Unlike a certain California gubernatorial candidate, I am proud to say that I haven’t missed an opportunity to vote since I turned 18, despite having moved multiple times. I even voted absentee from Mexico. Today, I mailed in my ballot here in LA county (I would like to repeat my complaint from last year which is that it is confusing to fill out an absentee ballot here.)
My 18th birthday was just a couple of days before the 2000 presidential election – I cast my first vote ever for Al Gore. Here’s a quick refresher how well that went:
I quickly got schooled in just how much (or how little) my vote counts. The experience prompted my exploration of the electoral college system, which I concluded was set up for two reasons: 1) We aren’t technically capable of a perfect vote count and 2) We don’t trust the masses.
Being a Californian, you could make a solid argument that my vote for a Democrat in the presidential contest doesn’t really count for much anyway, considering that California reliably goes for the Dem. I’ve heard other young people use this excuse. First of all, it doesn’t apply to state and local issues, where your vote certainly makes a difference. Secondly, I vote for more reasons than the pure outcome:
1) Civic duty: I really do feel that it is my duty as a citizen to stay informed and to exercise my right to vote. We’re in an era without a draft, rations, victory gardens or other civic sacrifices – I think I can take the time to vote!
2) Guilt: Given what women went through to get the right to vote, not to mention what people around the world continue to suffer to fight for this right, I would be ashamed not to vote.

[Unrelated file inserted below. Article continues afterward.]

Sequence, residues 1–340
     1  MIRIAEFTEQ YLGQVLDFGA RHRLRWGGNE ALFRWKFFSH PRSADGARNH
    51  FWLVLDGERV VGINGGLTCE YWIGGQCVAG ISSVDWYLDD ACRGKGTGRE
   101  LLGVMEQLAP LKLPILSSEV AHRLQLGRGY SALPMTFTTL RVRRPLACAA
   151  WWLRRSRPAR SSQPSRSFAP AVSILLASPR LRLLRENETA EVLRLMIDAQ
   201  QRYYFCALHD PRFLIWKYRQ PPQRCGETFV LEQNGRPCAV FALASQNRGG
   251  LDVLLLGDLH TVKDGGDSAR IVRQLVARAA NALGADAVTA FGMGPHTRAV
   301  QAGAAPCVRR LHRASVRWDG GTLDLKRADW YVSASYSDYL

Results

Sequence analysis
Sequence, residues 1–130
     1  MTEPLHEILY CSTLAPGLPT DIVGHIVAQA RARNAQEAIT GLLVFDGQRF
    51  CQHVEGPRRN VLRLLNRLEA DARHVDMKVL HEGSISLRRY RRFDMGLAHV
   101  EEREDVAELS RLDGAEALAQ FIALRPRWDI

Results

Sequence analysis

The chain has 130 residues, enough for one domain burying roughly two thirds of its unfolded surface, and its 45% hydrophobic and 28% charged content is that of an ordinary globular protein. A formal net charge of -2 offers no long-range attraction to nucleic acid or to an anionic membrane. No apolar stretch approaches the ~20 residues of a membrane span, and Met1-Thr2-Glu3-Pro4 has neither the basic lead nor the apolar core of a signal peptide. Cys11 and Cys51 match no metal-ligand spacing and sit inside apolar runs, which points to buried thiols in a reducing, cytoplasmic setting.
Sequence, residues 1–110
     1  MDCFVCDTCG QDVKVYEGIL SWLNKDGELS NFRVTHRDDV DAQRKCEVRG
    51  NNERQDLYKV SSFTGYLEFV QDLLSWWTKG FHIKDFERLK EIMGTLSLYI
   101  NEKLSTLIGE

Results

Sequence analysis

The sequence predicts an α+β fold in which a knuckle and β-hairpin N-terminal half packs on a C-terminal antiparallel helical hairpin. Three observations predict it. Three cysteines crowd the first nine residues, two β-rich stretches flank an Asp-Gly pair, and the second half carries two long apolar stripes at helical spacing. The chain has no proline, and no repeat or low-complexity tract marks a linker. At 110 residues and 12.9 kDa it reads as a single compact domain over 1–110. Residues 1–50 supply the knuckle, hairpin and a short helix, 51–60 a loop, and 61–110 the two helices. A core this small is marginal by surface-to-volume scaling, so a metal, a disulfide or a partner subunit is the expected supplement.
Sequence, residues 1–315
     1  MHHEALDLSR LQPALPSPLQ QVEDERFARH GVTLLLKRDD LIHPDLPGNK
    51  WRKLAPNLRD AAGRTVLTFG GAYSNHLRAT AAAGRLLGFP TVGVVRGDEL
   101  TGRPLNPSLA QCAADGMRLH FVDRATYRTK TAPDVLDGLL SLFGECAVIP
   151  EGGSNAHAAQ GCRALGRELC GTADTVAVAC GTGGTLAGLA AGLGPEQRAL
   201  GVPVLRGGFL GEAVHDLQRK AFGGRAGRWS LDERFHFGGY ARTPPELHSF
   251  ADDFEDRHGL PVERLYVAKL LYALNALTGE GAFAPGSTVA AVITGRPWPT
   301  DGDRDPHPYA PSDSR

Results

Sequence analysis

3) The right to complain: In my eyes, if you didn’t cast a vote, you lost your right to complain about the outcome of the election. People don’t elect themselves and your vote counts for more than you running your mouth about how you’re boycotting the elections.
4) It’s fun! I love watching the debates, I’m always amused by the crazy mailers that show up in the mail and I like discussing the merits of the various propositions with my friends and family. When I was in school in Oregon, I was still registered to vote absentee. In 2003, I got my ballot to vote for the post-recall governor, which included 200 candidates, among them a sumo wrestler, an adult entertainer, not to mention our current Governator.
This pretty much cemented my out-of-state friends’ conclusion that Californians are completely whacky.
And we are! Today, I got to vote on whether to legalize marijuana. So, my fellow citizens and fellow Californians, I urge you to vote on Nov. 2. You might even enjoy it.
Monthly Archives: October 2010
I’m not sure when I started liking country music. It was a little too hokey to match my teenage angst which was better accompanied by Nirvana and Sublime. However, I grew up in ag country, so the stuff was in the ether, strains squeezing out of huge trucks in the school parking lot, blasting from the main stage at the county fair and accompanying the line dancing at the only place for 18-year-olds to go dance in the Sonoma area – Kodiak Jack’s in Petaluma (“Home of Kodiak, the Mechanical Bull”) which had an all-ages night on Thursdays.